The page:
The story of Troilus and Cressida is a medieval tale that is not part of Greek mythology; Shakespeare drew on a number of sources for this plotline, in particular Chaucer's version of the tale, Troilus and Criseyde, but also John Lydgate's Troy Book and Caxton's translation of the Recuyell of the Historyes of Troye.[3]

Chaucers' source was Il Filostrato by Boccaccio, which in turn derives from a 12th-century French text, Benoît de Sainte-Maure's Roman de Troie [4]

The story of the persuasion of Achilles into battle is drawn from Homer's Iliad (perhaps in the translation by George Chapman), and from various medieval and Renaissance retellings.

The story was a popular one for dramatists in the early 17th century and Shakespeare may have been inspired by contemporary plays. Thomas Heywood's two-part play The Iron Age also depicts the Trojan war and the story of Troilus and Cressida, but it is not certain whether his or Shakespeare's play was written first. In addition, Thomas Dekker and Henry Chettle wrote a play called Troilus and Cressida at around the same time as Shakespeare, but this play survives only as a fragmentary plot outline.

Date and text[edit]

Title page, 1609 quarto edition

The play is believed to have been written around 1602, shortly after the completion of Hamlet. It was published in quarto in two separate editions, both in 1609. It is not known whether the play was ever performed in its own time, because the two editions contradict each other: one announces on the title page that the play had been recently performed on stage; the other claims in a preface that it is a new play that has never been staged. The play was entered into the Register of the Stationers Company on 7 February 1603, by the bookseller and printer James Roberts, with a mention that the play was acted by the Lord Chamberlain's Men, Shakespeare's company. No publication followed, however, until 1609; the stationers Richard Bonian and Henry Walley re-registered the play on 28 Jan. 1609, and later that year issued the first quarto, but in two "states". The first says the play was "acted by the King's Majesty's servants at the Globe;" the second version omits the mention of the Globe Theatre, and prefaces the play with a long Epistle that claims that Troilus and Cressida is "a new play, never stal'd with the stage ..."[5]

Some commentators (like Georg Brandes, the Danish Shakespeare scholar of the late 19th century) have attempted to reconcile these contradictory claims by arguing that the play was composed originally around 1600–02, but heavily revised shortly before its 1609 printing. The play is noteworthy for its bitter and caustic nature, similar to the works that Shakespeare was writing in the 1605–08 period, King Lear, Coriolanus, and Timon of Athens. In this view, the original version of the play was a more positive romantic comedy of the type Shakespeare wrote ca. 1600, like As You Like It and Twelfth Night, while the later revision injected the darker material – leaving the result a hybrid jumble of tones and intents.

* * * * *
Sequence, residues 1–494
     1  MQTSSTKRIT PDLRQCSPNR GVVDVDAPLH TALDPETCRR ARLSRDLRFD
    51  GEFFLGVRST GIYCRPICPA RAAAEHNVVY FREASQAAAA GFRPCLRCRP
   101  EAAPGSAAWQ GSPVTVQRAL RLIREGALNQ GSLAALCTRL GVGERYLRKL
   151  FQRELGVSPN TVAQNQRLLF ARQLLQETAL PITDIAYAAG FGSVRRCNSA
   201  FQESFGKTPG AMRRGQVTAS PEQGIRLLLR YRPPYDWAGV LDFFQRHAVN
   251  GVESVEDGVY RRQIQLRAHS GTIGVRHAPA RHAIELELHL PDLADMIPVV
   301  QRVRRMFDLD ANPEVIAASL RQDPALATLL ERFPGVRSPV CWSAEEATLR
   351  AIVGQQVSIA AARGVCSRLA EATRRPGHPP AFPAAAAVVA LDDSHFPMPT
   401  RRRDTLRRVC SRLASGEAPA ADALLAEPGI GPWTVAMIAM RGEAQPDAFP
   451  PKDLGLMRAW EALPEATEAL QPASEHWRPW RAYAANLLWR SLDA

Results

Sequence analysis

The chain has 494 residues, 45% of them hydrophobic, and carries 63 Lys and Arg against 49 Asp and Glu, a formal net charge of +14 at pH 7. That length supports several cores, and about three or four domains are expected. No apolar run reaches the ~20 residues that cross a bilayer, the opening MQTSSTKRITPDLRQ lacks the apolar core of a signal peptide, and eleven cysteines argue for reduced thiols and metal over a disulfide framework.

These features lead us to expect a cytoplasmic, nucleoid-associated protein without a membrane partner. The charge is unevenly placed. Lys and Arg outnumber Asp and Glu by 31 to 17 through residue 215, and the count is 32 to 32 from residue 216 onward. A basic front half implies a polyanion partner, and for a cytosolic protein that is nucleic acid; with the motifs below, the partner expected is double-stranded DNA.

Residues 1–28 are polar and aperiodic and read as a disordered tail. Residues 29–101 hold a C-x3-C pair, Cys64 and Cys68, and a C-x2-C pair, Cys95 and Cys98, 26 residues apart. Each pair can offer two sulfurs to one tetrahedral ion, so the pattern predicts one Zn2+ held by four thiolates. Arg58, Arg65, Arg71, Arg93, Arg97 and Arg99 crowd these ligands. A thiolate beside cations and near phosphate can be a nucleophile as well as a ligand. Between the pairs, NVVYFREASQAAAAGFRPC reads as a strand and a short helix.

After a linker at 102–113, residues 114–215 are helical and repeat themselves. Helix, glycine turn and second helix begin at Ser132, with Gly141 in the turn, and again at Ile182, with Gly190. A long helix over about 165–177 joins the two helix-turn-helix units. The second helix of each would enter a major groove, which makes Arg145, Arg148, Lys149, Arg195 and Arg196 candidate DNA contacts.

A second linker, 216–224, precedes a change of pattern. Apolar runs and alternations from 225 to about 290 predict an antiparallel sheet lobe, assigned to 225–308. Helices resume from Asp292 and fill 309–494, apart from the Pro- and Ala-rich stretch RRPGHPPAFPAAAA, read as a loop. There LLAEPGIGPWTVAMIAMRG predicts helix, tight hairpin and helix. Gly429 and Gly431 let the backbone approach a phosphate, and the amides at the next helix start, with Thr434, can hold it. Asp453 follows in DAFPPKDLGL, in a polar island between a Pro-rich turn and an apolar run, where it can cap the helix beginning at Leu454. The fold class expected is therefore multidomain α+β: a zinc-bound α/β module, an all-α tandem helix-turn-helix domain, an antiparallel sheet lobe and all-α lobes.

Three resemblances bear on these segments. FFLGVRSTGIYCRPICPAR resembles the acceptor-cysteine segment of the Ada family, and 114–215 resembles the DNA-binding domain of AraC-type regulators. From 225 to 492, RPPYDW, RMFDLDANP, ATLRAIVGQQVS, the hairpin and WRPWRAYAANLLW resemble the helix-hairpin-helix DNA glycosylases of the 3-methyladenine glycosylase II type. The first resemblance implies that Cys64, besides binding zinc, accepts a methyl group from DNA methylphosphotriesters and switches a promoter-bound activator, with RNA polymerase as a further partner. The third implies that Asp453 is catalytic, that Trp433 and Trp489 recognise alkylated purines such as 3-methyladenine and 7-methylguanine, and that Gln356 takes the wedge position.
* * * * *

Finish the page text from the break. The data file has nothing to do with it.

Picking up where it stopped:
Performance history[edit]

The play's puzzling and intriguing nature has meant that Troilus and Cressida has rarely been popular on stage, and neither during Shakespeare's own lifetime nor between 1734 and 1898 is there any recorded performance of the play. In the Restoration, it was rewritten by John Dryden, who stated that he intended to uncover the "jewels" of Shakespeare's verse, hidden beneath a "heap of rubbish" (not only some "ungrammatical" and indecorous expressions, but also much of the plot). In addition to his "improvements" to the language, Dryden streamlined the council scenes and sharpened the rivalry between Ajax and Achilles. Dryden's largest change, though, was in the character of Cressida, who in his play is loyal to Troilus throughout. The play was also condemned by the Victorians for its explicit sexual references (though the sex, while explicitly and importantly present, is portrayed satirically and highly negatively). It was not staged in its original form until the early 20th century, but since then, it has become increasingly popular, especially after the First World War, owing to its cynical depiction of immorality and disillusionment. Because certain aspects of the play, such as the breaking of one's public oaths during a protracted wartime and the decay of morality among Cressida and the Greeks resonated strongly with a discontented public, the play was staged with greater frequency during and after this period.

References[edit]

  1. ^ From an edition of Troilus and Cressida by the Boydell Shakespeare Gallery
  2. ^ Oates, Joyce Carol (1966/1967). The Tragedy of Existence: Shakespeare's Troilus and Cressida. Originally published as two separate essays, in Philological Quarterly, Spring 1967, and Shakespeare Quarterly, Spring 1966.
  3. ^ Palmer, Kenneth (ed., 1982). Troilus and Cressida (Arden Shakespeare: Second Series). Methuen: London.
  4. ^ Theodore Morrison, "The Portable Chaucer," The Viking Press, 1949., p. 363.
  5. ^ Halliday, F.E. (1964). A Shakespeare Companion 1564–1964, Penguin: Baltimore, pp. 501–3.